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May 9, 2019 | The Hinterland

A best-selling Canadian author of 14 books on economic trends, real estate, the financial crisis, personal finance strategies, taxation and politics. Nationally-known speaker and lecturer on macroeconomics, the housing market and investment techniques. He is a licensed Investment Advisor with a fee-based, no-commission Toronto-based practice serving clients across Canada.

Why, he wonders, would anyone stay in Toronto where a slanty semi complete with icky bugs can easily cost seven figures. If your job’s portable, or online, or you create your own, and you want a house – why struggle in the GTA?

Some months ago we brought you the tale of a moister who asked just such questions. Matttieu actually made it into the troubled MSM after being featured on this blog and declaring he was outta here. Not bound for Italy, olives and sun, but Quebec, the oldest city in Canada (1608), where the average house sells for south of $250,000.

Well, he landed. And bought. Here’s the update:

We flew to Quebec City and rented. Our neighbor, a smart entrepreneur, recommended that we make lowball offers on houses, telling us that people close to him have lost money on flips, and pointed out that condos are the worst segment of the market (12 sellers to 1 buyer).

After visiting 17 houses, we bought a detached house. The asking price was around the price of a 2 bedroom condo in Toronto. The house has a double garage, 4 bedrooms, 4 washrooms, a metal roof (50 year warranty), central vacuum, air exchange system, a solarium with a glass ceiling, a small wine cellar, is in a nice location 2 minutes walk from a view of the St-Lawrence, 25 minutes for a mountain. Best of all, Quebecers are not obsessed with houses. At work, no one talks about it. It’s healthier.

We bought for 16% under asking. Our real-estate agent told us we would never get the house for the price we offered, but the house had been listed for 250 days and so my wife insisted he makes the offer. 2 hours later, our agent calls me back saying the offer was accepted, tells me that that his wife (also an agent) also couldn’t believe it. Actually, my house is probably already worth less since the house in front has dropped its listing price twice over the last 6 months.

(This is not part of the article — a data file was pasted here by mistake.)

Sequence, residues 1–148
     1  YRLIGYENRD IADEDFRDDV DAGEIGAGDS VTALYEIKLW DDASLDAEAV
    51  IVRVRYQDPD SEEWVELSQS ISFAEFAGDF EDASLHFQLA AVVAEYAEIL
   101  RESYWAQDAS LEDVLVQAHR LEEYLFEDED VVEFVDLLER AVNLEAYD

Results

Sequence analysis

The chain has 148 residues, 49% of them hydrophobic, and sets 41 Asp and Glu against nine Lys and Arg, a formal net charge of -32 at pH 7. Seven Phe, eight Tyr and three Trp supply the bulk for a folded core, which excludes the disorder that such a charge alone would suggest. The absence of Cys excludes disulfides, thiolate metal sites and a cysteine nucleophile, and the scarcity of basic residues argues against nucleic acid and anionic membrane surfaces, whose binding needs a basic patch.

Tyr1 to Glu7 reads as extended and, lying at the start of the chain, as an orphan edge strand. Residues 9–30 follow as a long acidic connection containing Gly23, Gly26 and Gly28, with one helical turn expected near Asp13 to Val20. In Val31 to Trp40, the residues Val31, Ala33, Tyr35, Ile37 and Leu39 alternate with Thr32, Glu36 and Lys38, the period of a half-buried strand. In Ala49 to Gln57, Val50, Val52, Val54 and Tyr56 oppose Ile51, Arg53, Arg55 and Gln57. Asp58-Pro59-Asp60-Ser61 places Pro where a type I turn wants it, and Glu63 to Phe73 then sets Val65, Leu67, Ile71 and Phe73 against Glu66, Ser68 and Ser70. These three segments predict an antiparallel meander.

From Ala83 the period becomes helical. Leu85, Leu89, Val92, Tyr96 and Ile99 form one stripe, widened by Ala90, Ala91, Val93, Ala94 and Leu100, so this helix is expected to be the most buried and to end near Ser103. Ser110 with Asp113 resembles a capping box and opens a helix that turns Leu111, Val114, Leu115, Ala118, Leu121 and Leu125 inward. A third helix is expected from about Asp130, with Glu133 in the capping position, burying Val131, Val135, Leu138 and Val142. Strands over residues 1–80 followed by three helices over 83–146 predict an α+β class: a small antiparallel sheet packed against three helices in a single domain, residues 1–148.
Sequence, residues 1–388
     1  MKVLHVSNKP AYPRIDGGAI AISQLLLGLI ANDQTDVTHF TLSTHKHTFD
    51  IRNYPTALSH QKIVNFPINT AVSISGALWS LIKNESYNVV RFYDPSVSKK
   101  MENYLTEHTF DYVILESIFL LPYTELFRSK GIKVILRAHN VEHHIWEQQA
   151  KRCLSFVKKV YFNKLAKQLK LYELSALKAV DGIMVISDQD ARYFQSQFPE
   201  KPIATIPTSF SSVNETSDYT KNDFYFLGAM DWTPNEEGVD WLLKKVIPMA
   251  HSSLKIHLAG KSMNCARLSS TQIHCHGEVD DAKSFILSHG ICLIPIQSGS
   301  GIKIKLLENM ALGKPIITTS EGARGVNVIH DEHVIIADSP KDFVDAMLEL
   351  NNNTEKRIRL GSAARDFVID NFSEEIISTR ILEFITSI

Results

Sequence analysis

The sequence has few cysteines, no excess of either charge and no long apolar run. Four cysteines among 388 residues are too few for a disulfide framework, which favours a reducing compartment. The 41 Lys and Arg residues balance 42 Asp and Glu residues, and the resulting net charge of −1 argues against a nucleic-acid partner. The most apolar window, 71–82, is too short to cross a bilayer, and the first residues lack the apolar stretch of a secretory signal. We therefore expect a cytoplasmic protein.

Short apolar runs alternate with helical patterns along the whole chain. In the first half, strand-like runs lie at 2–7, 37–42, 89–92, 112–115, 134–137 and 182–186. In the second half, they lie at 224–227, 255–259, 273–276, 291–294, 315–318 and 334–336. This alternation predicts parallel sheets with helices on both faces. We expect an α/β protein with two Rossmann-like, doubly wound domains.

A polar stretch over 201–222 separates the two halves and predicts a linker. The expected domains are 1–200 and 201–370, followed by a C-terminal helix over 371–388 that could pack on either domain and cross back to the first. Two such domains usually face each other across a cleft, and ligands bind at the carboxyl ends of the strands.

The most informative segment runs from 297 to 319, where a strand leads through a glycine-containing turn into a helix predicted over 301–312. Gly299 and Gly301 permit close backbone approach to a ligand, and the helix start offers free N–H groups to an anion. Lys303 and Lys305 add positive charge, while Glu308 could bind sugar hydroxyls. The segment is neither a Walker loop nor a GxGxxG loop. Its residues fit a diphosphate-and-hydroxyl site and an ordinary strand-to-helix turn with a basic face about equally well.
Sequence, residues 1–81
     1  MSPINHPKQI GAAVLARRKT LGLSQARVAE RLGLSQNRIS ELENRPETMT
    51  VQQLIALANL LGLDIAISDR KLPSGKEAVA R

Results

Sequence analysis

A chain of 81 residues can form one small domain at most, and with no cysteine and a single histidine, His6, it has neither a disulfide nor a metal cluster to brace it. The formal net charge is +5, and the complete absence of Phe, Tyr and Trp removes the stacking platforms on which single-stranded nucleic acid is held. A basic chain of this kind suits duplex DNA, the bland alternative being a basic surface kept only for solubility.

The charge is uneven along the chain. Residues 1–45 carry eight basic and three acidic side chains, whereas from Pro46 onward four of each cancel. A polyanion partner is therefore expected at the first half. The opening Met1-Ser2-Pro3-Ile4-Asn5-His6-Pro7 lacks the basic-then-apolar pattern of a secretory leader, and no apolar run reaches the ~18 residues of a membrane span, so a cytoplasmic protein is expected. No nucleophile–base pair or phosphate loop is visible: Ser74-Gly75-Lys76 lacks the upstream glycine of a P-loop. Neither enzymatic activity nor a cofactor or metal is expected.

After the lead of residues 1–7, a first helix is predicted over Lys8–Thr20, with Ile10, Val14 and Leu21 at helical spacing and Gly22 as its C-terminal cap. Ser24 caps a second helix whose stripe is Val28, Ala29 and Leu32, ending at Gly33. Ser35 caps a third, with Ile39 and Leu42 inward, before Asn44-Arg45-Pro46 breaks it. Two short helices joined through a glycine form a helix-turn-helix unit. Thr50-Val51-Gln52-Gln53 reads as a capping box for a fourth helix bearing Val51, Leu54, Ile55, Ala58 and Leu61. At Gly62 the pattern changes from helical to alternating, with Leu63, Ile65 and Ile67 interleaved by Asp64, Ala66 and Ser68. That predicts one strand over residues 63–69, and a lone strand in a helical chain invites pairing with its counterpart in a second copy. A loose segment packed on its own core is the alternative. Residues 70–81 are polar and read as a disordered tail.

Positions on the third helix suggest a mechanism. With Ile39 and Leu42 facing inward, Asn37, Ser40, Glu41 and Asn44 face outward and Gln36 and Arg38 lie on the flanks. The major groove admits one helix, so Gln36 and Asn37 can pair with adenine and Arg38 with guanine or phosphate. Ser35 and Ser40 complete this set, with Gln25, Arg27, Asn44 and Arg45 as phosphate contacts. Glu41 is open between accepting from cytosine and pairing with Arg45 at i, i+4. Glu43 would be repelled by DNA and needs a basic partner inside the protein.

Our exodus does have downsides: The winters are colder, longer, windier. A city of Vikings. In January, our hydro bill was $600 and we keep the temperature at 20 or below. Same in February. Also, taxes are higher. So, who else is coming?

By the way, sales in Quebec City, Montreal (average detached price $330,000) and Halifax (average single-family home selling price $337,600) are booming. Up by double-digit numbers. Inventories are tight. Local agents say the bleed out of Ontario is evident to everyone – and they love it.

Is this evidence more mobile, adventuresome, indie Millennials are escaping mom’s clutches and moving where they can actually have a life – kids, dog, house – and afford it? Maybe. But the stats suggest something fundamental is happening. Sales are flat in the GTA and riding close to a 30-year low in Vancouver. And while prices gently and incrementally increase in smaller cities, they remain well below the 2017 peak in Toronto and are melting fast in 604.

In fact, it was actually news in the YVR media some weeks ago when a house sold for less than a million. Of course, it was a piece of crap, but it was also taken as a harbinger. Which it was.

This week the daily media ran a breathlessly new item saying East Van listings below $1 million are proliferating, and almost all sales now are for less than assessed values. Like this one… 1113 McLean Drive changed hands for $880,000 – $300,000 less than it was assessed at a year ago and $400,000 less than the year before that. The 109-year-old mini-house sits on 25 feet of dirt across from a school, beside an apartment building. Yes, it’s also crap. And the people who bought it better not think it was a great deal since the owner paid $330,000 just four years back.


It’s this unmitigated greed embedded in the housing markets of major cities that is repelling so many young buyers. And rightly so. The moisters shelling out $900,000 (with closing costs) for this dodgy shack will spend decades paying back the half-million dollars of profit they stuffed into pockets of the seller. For that money in a smaller city they could acquire a beautiful property plus still have a nestegg for the future.

In fact, here’s what the same money buys in Montreal (Laval). This house has a 90-foot frontage, big garage, pool, five bedrooms and four baths. By the way, Montreal is a larger real estate market than Vancouver, arguably home to some of the country’s most unique culture. Plus $8-a-day child care. And the Habs.


Of course, there’s added winter in Montreal or Quebec City. But that just makes it more perfect for the snowflakes around us.

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May 9th, 2019

Posted In: The Greater Fool

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